Menace II Society, the explosive debut of the Hughes Brothers, is not a bad film by any means – the cinematography is striking, the use of editing memorable, and there are some strong performances. It’s not subtle, but it captures an anger that was clearly felt at the time, and remains all too relevant.
The problem comes from the overly earnest execution. There’s very little subtext, everything is right there on the surface. The performances are also generally very broad, with little nuance or shading, making it all feel a little showy, a little superficial. That being said, there is also an undeniable ferocity to the film and a tangible sense of righteous anger behind every line that makes it very hard to dismiss out of hand.
While Tyrin Turner’s central performance is a little too passive to really stick in the memory, I think this is the point. He is given multiple opportunities to escape the cyclical life of violence he is engaged in, not least through his relationship with Ronnie (Jada Pinkett) and her young son, but the apathy surrounding them is infectious. Turner suffers from being surrounded by much stronger performances – Larenz Tate is incredible as the cocksure, sociopathic O-Dog – essentially a kid, whose casual attitude to extreme violence, played off as badass, is really disturbing. The Hughes brothers don’t let the audience off the hook by having any of the other characters condemn his actions, even as he does some truly abhorrent stuff.
So ingrained is the idea that black lives are worthless, that any attempts to escape their fate is futile, that the young black characters of this film have a disregard for their own lives or those around them. This is chillingly demonstrated in the opening scene, where O-Dog kills a Korean shopkeeper, or the scene where Kaydee’s father (Samuel L Jackson in a pre-fame role) callously shoots an acquaintance to death, both over a mild insult. An obvious comparison might be to something like Boyz N The Hood, but this is infinitely more nihilistic. There’s no sentimentality here, and the casual violence is never glorified, more reminiscent of Goodfellas than anything (The scene with the Korean couple and Tommy shooting Spider are almost mirror images of each other).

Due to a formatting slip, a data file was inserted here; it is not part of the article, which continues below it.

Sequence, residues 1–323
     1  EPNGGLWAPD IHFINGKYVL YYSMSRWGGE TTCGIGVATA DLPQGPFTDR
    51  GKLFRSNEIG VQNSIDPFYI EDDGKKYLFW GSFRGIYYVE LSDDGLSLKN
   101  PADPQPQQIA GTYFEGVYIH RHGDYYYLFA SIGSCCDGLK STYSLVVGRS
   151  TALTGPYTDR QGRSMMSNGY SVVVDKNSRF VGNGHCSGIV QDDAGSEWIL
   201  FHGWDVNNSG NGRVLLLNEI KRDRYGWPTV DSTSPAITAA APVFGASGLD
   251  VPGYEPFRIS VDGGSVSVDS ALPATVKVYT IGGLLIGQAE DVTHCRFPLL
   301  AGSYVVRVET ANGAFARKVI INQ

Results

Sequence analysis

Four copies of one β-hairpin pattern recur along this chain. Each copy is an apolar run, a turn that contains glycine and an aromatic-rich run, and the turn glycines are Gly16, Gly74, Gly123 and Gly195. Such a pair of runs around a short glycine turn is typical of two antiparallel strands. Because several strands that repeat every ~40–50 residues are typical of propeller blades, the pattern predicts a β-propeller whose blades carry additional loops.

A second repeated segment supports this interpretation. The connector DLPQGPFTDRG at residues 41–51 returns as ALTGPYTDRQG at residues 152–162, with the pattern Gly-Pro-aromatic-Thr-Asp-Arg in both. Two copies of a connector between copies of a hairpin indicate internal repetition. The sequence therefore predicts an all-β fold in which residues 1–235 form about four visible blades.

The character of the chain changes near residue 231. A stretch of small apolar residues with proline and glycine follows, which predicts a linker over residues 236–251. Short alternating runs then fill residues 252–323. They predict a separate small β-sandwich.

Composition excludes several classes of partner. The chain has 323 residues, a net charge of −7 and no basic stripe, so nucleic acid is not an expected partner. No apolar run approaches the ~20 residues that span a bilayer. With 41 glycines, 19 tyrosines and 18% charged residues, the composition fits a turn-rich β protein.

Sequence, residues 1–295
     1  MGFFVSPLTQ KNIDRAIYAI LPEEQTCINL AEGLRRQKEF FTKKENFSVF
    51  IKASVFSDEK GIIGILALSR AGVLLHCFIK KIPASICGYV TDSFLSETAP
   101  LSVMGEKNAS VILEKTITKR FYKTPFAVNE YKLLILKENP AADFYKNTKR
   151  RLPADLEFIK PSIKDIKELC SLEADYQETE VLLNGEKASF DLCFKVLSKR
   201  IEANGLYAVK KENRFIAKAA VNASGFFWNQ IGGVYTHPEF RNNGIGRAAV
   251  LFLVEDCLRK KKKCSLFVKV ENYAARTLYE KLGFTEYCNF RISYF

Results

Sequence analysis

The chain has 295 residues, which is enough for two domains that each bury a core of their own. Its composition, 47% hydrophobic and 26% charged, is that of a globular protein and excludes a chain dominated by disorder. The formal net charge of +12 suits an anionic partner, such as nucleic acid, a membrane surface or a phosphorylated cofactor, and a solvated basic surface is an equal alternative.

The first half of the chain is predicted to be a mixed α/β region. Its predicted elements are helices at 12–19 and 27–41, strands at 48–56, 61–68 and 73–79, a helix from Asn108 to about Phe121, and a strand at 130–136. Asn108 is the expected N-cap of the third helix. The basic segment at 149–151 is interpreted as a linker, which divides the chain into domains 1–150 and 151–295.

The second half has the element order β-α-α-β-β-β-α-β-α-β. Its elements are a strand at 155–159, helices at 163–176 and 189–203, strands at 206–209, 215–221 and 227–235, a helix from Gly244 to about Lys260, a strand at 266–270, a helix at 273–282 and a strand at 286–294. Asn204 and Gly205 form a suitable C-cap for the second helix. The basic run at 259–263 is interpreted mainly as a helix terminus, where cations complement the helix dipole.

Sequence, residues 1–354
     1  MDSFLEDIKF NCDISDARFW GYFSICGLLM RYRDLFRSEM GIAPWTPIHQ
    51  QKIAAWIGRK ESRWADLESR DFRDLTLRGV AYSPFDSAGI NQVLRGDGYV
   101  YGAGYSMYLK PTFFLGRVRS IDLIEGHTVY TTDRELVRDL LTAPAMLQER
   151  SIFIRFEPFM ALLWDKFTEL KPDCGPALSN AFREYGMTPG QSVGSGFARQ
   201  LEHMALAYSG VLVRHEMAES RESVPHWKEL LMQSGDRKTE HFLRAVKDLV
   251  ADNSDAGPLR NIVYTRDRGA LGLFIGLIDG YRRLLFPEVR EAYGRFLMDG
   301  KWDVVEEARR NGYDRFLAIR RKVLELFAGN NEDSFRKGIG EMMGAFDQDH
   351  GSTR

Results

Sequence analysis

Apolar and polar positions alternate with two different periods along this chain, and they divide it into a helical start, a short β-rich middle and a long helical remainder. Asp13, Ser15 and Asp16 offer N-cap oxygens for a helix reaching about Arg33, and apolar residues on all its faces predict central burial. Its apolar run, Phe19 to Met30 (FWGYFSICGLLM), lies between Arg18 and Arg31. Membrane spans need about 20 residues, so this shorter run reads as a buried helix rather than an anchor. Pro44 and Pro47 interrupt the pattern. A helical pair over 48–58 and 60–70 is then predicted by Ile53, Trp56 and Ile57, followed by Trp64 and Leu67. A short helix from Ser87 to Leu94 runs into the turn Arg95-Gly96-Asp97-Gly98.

Vonte Sweet gives the film’s best performance as the anti-violence, anti-drugs Muslim convert, a role that could easily have been very one note, but Sweet manages to find the real person beneath the character, and makes his character likeable without being too preachy. Bill Duke also makes an impression in his brief appearance as a detective. The Hughes brothers are deferential to this icon of black cinema, giving him an enigmatic entrance and some slick dialogue, and in return Duke elevates what could have been a fairly unmemorable scene into one of the coolest moments of the film. There are parallels to be drawn between this and Duke’s own Deep Cover, especially in the way the directors and actors don’t hold back in their emotional intensity.
I went into Menace II Society with very little preconceptions, and while some elements didn’t work for me, you can’t deny the passion and vitality that infuse every scene. This is an intensely personal project, and this hides a multitude of sins. It’s why their later less personal films like From Hell and The Book Of Eli ultimately came up short. Menace II Society is a bold statement of intent from the brothers, and served as a dry run for their even more potent Dead Presidents, which only reinforces their style, but frame the social issues within the context of a heist film, which, for my money, makes for a more assured film.
Audio commentaries from 1993 featuring directors Albert and Allen Hughes; Gangsta Vision, a 2009 featurette on the making of the film; Two new conversations between Albert Hughes, screenwriter Tyger Williams, and film critic Elvis Mitchell, and Allen Hughes, Bill Duke and Mitchell (again); Interview from 1993 with the directors; and an essay by critic Craig D Lindsey.